As of December 2013, community sentences will be forced to include an element of punishment as the radical overhaul of sentencing continues, Justice Secretary Chris Grayling announced yesterday. In a bid to increase public confidence in community sentences, adult sentences will now have to include some form of punishment.
In 2012, more than 130,000 community sentences were given by the Courts. Around one-third of community sentences contain no element of punishment but as of 11th December, this will change. Most sentences will contain a punitive element such as a fine, unpaid work, curfew or exclusion zones.
Chris Grayling commented:
“From my first day in this job I have been clear that punishment must mean punishment. A community sentence shouldn’t just consist of a meeting with an offender manager, prisoners shouldn’t spend their time in prison watching satellite television and the worst offenders should get the very toughest sentences.
“Step by step we’re overhauling sentencing and sending a clear message to criminals that crime doesn’t pay. We’re on the side of people who work hard and want to get on and my message is this – if you break the law you will be punished.
“Currently, only around two-thirds of community orders contain punishment such as a curfew or unpaid work. Under the reforms that will come into effect this month we expect this to rise significantly. In very exceptional circumstances, judges will have the power not to include the element of punishment.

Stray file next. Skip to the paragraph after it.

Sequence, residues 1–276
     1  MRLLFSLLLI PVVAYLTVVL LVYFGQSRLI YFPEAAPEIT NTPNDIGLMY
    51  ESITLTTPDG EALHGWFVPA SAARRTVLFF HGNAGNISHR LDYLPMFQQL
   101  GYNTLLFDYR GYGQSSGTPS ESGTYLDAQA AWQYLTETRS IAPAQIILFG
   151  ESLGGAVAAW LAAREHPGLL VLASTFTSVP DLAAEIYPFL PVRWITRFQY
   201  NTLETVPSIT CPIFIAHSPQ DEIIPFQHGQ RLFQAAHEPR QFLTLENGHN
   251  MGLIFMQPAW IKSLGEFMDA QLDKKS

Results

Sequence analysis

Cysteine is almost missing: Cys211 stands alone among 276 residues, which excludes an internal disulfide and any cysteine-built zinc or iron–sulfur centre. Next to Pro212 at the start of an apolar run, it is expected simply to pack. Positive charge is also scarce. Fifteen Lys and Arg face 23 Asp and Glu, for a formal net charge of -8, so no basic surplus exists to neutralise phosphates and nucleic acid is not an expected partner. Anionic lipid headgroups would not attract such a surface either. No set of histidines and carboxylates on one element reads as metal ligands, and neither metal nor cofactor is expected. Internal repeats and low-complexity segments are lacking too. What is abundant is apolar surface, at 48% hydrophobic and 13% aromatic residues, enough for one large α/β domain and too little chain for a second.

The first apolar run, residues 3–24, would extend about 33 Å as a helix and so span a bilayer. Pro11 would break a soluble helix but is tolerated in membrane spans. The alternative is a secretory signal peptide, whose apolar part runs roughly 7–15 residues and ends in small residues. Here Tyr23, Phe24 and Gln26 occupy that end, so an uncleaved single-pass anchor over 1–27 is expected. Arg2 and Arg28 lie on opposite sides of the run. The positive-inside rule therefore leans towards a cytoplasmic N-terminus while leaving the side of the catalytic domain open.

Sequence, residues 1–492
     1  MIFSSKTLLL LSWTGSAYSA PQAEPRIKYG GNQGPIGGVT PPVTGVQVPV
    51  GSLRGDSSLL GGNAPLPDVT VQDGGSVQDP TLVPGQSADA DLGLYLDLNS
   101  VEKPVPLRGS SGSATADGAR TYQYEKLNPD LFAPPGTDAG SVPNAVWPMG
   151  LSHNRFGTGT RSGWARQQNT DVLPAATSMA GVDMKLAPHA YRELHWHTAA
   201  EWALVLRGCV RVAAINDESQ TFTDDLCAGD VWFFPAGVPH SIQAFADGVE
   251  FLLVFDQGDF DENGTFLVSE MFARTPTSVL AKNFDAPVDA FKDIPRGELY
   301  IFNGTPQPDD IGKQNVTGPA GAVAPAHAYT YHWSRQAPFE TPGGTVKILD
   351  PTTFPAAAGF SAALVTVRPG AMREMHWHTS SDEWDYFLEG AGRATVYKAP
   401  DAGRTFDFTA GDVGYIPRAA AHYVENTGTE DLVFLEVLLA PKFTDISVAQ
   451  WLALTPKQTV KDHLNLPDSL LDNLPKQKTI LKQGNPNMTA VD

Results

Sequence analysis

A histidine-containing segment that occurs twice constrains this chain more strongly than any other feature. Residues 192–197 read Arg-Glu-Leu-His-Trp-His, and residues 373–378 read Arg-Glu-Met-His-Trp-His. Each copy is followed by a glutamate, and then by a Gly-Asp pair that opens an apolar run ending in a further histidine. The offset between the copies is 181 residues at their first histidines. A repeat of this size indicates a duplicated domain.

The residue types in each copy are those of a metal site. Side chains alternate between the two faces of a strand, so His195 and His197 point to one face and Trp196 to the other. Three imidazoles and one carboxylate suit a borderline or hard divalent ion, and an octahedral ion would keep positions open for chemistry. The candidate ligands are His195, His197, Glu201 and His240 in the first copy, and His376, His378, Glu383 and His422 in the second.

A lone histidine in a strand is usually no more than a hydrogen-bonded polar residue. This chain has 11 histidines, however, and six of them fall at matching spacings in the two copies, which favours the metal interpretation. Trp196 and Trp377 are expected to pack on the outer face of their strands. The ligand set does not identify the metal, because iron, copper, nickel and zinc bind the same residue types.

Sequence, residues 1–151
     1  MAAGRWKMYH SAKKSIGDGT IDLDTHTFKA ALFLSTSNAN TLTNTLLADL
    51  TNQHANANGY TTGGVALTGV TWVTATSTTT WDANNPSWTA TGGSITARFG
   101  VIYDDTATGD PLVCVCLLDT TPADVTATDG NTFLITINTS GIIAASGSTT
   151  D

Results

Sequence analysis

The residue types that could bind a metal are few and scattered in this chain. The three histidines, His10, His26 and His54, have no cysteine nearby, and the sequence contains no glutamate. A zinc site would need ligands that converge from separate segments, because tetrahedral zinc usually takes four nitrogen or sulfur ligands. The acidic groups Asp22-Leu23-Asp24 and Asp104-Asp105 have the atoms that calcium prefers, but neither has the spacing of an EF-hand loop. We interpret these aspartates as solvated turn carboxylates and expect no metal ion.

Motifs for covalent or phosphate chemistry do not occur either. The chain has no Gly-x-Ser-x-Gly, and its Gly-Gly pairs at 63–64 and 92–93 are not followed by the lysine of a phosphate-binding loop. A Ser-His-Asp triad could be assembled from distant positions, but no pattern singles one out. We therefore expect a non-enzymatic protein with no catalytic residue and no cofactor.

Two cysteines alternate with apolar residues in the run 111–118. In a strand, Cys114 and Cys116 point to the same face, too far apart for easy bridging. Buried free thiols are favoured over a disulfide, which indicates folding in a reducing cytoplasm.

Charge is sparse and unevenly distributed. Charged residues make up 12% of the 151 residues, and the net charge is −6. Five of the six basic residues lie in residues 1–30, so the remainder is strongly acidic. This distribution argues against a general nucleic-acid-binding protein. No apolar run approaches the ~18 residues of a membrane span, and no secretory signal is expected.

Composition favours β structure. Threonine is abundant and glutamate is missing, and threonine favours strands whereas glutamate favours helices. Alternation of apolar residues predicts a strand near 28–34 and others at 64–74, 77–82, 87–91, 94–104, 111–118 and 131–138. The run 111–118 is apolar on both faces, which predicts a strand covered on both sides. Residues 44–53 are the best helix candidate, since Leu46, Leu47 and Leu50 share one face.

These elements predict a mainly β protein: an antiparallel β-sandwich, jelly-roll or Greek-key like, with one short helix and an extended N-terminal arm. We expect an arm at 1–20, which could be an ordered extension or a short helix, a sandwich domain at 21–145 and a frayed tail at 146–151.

“Research suggests the inclusion of a punitive requirement alongside supervision in community sentences, can be more effective in reducing re-offending than supervision alone.”
This is one of the latest steps in a series of sentencing reforms ranging from restrictions on the use of cautions for serious offences to the introduction of a mandatory life sentence for the most serious repeat offenders.
In 2012, a range of tougher sentences and new offences, introduced in the Legal Aid, Sentencing and Punishment of Offenders Act 2012, came into effect including:
- ‘Two-strikes’ – mandatory life sentence for anyone convicted of a second serious sexual or violent offence
- Extended Determinate Sentence – where offenders spend at least two-thirds of their sentence behind bars and extra time being monitored in the community
- Aggravated knife possession – new offences of using a knife to threaten and endanger someone in a public place or school
- Clampdown on dangerous drivers – new offence of causing serious injury by dangerous driving which carries a maximum sentence of five years in prison